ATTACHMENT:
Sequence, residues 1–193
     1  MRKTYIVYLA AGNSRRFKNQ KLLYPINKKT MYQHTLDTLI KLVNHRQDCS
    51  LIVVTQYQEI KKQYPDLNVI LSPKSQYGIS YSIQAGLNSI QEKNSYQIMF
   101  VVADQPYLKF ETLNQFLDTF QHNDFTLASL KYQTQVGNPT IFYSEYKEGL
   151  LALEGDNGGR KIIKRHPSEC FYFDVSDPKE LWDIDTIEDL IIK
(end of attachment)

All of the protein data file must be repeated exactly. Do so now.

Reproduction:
Sequence, residues 1–193
     1  MRKTYIVYLA AGNSRRFKNQ KLLYPINKKT MYQHTLDTLI KLVNHRQDCS
    51  LIVVTQYQEI KKQYPDLNVI LSPKSQYGIS YSIQAGLNSI QEKNSYQIMF
   101  VVADQPYLKF ETLNQFLDTF QHNDFTLASL KYQTQVGNPT IFYSEYKEGL
   151  LALEGDNGGR KIIKRHPSEC FYFDVSDPKE LWDIDTIEDL IIK